Ireland on Sunday: 28 April 2001
By Anne Cadwallader
Murder probe review pledge
Police 'cover-up' to be investigated
VICTIM: Seamus Ludlow
THE NORTH'S police ombudsman, Nuala O'Loan, has pledged to review the RUC
investigation into the murder 25 years ago of a Co. Louth man.
Seamus Ludlow (47) was shot dead by a loyalist gang which included two off-duty
Ludlow was abducted and murdered by a drunken gang of loyalists north of
Dundalk, Co. Louth, as he was walking home on May 2, 1976.
His family claims there has been a garda cover-up of the involvement of two
British soldiers in the killing.
They are also angry that a letter requesting a meeting with the Taoiseach has
not received any response, in stark contrast to the Government's treatment of
the father of mass loyalist murderer, Billy Wright, who was granted an
To mark the 25th anniversary of the murder, the family has organised a small
commemoration for today (4pm) at a memorial erected in Mr Ludlow's memory, at
the spot where his body was found near the back entrance to the
They have been given the official go-ahead for the commemoration, although it is
close to the location of the foot and mouth outbreak of two months ago.
Several hundred people are expected to gather for the memorial. Wreaths will be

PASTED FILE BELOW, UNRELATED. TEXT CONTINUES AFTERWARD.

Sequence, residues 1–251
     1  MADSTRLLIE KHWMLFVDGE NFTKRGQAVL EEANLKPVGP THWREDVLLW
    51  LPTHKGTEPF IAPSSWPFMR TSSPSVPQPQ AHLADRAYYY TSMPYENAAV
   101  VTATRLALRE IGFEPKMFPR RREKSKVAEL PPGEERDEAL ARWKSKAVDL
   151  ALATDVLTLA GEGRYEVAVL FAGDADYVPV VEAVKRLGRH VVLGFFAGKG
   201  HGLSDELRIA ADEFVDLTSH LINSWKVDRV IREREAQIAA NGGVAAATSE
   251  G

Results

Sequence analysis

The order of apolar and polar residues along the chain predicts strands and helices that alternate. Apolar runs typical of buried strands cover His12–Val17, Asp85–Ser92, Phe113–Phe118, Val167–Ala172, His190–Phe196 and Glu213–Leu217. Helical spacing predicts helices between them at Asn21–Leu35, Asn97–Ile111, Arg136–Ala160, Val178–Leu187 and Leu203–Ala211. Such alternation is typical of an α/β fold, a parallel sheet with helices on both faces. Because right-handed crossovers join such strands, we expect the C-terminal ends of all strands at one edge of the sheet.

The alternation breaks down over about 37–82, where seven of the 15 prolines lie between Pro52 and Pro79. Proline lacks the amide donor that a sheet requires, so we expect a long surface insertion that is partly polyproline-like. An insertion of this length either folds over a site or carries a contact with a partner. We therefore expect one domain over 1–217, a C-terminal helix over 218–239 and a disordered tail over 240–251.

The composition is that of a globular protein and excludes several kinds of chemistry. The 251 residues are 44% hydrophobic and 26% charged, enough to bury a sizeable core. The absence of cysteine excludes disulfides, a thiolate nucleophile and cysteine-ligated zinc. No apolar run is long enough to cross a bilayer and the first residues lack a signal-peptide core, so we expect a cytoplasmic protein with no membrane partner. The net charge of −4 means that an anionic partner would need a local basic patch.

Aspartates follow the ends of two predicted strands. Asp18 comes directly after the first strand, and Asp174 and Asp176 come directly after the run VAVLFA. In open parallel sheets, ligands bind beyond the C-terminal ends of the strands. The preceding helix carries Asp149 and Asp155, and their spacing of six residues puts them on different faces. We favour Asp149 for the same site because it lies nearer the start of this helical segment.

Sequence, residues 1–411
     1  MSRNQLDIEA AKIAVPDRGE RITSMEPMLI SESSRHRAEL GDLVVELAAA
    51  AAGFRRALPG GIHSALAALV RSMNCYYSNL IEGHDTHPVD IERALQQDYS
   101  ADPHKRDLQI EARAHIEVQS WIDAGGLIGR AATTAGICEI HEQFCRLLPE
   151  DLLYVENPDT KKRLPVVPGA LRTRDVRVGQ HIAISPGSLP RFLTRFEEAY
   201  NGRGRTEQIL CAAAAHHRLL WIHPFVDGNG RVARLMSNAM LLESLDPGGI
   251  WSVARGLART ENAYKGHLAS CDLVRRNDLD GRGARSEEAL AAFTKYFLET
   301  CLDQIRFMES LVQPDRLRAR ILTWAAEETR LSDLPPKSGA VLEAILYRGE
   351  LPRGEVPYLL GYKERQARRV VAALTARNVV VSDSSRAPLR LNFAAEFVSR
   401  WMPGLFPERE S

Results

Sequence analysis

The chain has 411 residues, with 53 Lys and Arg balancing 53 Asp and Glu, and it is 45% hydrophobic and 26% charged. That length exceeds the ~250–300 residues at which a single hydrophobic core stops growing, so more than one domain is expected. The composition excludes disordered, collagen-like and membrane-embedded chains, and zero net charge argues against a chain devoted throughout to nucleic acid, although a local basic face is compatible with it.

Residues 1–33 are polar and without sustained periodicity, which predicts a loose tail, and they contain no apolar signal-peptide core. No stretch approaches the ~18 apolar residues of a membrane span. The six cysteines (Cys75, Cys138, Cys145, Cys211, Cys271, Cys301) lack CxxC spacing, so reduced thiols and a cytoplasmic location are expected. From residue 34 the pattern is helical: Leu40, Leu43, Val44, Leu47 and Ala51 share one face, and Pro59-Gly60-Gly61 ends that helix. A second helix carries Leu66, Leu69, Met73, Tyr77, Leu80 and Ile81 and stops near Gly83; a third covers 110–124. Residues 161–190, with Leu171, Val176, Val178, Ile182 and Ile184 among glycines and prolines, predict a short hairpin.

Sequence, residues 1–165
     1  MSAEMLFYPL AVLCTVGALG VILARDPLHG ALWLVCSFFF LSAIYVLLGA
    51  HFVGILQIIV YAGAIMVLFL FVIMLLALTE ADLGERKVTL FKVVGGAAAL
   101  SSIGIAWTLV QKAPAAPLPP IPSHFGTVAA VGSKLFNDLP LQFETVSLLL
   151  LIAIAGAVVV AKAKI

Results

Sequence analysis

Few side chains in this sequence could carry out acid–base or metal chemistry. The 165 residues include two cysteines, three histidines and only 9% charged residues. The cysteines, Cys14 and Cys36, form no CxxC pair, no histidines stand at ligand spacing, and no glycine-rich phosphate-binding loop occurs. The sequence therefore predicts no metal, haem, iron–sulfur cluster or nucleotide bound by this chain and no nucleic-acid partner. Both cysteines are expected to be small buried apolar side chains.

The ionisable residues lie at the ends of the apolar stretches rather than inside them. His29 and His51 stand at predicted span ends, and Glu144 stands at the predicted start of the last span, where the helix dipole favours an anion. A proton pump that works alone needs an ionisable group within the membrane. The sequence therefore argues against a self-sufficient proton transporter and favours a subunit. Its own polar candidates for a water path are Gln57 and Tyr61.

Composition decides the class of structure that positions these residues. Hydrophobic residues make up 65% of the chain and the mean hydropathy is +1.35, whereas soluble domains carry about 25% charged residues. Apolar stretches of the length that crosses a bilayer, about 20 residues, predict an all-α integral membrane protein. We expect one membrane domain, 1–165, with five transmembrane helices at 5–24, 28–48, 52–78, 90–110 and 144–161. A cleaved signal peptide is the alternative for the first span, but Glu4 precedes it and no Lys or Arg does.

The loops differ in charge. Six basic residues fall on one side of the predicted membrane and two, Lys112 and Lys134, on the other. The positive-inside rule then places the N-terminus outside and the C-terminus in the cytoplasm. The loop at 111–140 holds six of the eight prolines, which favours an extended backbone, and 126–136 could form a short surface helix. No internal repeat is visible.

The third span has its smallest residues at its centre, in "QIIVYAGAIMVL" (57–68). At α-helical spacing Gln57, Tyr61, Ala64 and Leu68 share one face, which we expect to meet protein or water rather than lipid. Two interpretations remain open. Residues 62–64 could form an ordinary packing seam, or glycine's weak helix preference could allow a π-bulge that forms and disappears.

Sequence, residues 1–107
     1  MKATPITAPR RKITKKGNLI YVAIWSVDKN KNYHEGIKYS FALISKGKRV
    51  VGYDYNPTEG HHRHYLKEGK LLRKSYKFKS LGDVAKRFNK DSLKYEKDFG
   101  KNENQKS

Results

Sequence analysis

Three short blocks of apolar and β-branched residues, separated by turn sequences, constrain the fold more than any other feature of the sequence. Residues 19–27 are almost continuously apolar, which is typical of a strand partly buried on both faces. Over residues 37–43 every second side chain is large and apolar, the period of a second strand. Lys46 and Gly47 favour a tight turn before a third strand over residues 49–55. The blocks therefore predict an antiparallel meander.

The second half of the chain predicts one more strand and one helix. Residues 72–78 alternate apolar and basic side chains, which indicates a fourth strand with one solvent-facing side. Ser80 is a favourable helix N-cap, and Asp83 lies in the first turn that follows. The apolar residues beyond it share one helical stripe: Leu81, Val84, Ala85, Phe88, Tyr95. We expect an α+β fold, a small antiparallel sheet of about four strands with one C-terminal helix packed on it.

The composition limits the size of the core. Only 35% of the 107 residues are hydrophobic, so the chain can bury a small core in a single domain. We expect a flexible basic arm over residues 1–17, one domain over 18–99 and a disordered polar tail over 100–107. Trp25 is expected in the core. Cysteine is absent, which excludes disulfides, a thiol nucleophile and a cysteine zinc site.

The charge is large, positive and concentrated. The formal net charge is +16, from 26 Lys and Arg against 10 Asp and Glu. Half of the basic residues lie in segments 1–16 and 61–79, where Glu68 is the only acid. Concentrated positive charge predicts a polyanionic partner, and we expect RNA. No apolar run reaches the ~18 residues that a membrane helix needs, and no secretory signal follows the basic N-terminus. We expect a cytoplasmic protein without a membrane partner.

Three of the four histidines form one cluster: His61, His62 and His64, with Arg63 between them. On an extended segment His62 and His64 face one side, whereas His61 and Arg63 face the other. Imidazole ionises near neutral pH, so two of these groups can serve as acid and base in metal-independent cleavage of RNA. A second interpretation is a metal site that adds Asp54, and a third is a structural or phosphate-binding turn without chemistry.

laid by, amongst others, representatives of the families of the victims of the
1974 Dublin/Monaghan bombings.
Prayers will be led by Mons. Raymond Murray, the author of a book on the
undercover activities of the SAS in Ireland, and Fr Brian McCreesh. There will
also be short speeches calling for an independent public inquiry.
Mr Ludlow, a forestry worker, was hitching a lift home when he disappeared in
unexplained circumstances. For many years, the family were told the IRA had shot
him as an informer, but it now appears that this was always known
to be untrue.
It has now been established that the so-called "Red Hand Commando"
group, a small and deeply sectarian murder gang, two of whom were serving UDR
soldiers, picked him up and shot him.
The garda' knew the identities of those who had murdered Ludlow in 1979 yet the
Special Branch continued to claim that a relative had betrayed him to the IRA.
This story divided the family for 20 years, preventing them making
inquiries about the true culprits.
It is known that the RUC Special Branch also knew about the killing. When one of
those directly involved in the murder became worried and asked an RUC man for
advice some years later, he was told to forget about the case as it was
The man who shot Seamus Ludlow may have been a British double agent. This raises
questions about the possible involvement of the garda' in British undercover
activities in the Co. Louth area during the 1970s.
The Irish government has appointed a former Supreme Court judge to head a
private inquiry into the killing, along with the Dublin and Monaghan bombings of
1974. This inquiry is being headed Mr Justice Barron.
The Ludlow family say this is inadequate a vehicle to discover the truth behind
all the murky circumstances.
Copyright Ireland On Sunday 2001
I I Top I I Press Coverage I